Canadian Forest Service Publications
Distance to second cluster as a measure of classification confidence. 2008. Mitchell, S.W.; Remmel, T.K.; Csillag, F.; Wulder, M.A. Remote Sensing of Environment 112: 2615-2626.
Issued by: Pacific Forestry Centre
Catalog ID: 28827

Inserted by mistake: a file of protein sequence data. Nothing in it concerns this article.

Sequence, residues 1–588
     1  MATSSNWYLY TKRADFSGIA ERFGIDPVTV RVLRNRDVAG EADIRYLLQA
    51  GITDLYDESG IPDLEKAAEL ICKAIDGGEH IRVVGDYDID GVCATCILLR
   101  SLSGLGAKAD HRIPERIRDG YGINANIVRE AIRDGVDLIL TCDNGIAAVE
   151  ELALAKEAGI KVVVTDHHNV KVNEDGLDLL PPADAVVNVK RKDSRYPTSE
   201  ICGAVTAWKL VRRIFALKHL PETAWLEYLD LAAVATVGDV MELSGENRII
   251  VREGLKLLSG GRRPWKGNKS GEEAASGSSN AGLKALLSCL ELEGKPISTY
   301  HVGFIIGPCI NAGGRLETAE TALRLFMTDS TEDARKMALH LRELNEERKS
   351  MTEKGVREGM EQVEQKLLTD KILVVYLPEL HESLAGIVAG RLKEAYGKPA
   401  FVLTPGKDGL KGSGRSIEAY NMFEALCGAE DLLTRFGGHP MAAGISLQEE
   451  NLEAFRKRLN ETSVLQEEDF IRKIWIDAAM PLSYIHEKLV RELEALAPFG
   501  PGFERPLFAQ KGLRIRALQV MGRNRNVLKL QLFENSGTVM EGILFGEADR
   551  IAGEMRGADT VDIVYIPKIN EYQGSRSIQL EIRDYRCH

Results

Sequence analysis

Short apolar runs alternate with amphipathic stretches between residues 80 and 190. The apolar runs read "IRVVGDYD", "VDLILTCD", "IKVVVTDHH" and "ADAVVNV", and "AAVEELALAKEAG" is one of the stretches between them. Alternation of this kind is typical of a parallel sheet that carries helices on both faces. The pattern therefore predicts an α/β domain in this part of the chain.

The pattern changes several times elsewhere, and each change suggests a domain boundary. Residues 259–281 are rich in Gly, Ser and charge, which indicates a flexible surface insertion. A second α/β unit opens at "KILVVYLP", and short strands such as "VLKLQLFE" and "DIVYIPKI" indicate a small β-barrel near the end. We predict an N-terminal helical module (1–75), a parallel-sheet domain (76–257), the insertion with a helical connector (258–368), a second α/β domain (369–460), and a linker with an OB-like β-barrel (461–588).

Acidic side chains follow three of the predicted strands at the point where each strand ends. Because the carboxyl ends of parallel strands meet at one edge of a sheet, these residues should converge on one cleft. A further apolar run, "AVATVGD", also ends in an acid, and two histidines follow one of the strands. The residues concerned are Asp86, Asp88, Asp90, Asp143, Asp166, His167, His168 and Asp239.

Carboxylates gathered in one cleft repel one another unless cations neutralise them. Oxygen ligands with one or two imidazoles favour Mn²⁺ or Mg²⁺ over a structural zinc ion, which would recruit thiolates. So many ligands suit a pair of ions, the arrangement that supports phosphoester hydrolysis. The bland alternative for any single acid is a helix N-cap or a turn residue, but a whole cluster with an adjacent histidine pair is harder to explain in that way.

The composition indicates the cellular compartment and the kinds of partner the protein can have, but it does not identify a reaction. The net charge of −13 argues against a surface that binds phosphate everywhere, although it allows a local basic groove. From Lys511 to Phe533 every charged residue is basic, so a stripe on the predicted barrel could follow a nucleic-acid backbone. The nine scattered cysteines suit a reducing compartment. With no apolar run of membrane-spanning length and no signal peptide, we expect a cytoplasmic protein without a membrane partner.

Most image classification algorithms rely on computing the distance between the unique spectral signature of a given pixel and a set of possible clusters within an n-dimensional feature space that represents discrete land cover categories. Each scrutinized pixel will ultimately be closest to one of the predefined clusters; different classification algorithms differ in the details of which cluster is considered as closest or most likely, but in general the selected algorithm will label each pixel with the label of the closest cluster. However, pixels expressing virtually identical distances to two or more clusters identify a limitation of this typical classification approach. Conditions for limitations to distance based classification algorithms include when distances are long and the pixel may not clearly belong to any single category, may represent mixed land cover, or can be easily confused spectrally between two or more categories. We propose that retention of the distance to the second closest cluster can shed light on the confidence with which label assignment proceeds and present several examples of how such additional information might enhance accuracy assessments and improve classification confidence. The method was developed with simplicity as a goal, assuming the classification has already been performed, and standard clustering reports are available. Over a test site in central British Columbia, Canada, we illustrate the described technique using classified image data from a nation-wide land cover mapping project. Calculation of multi-spectral Euclidean distances to cluster centroids, standardized by cluster variance, allows comparison of all potential class assignments within a unified framework. The variable distances provide a measure of relative confidence in the actual classification at the level of individual pixels.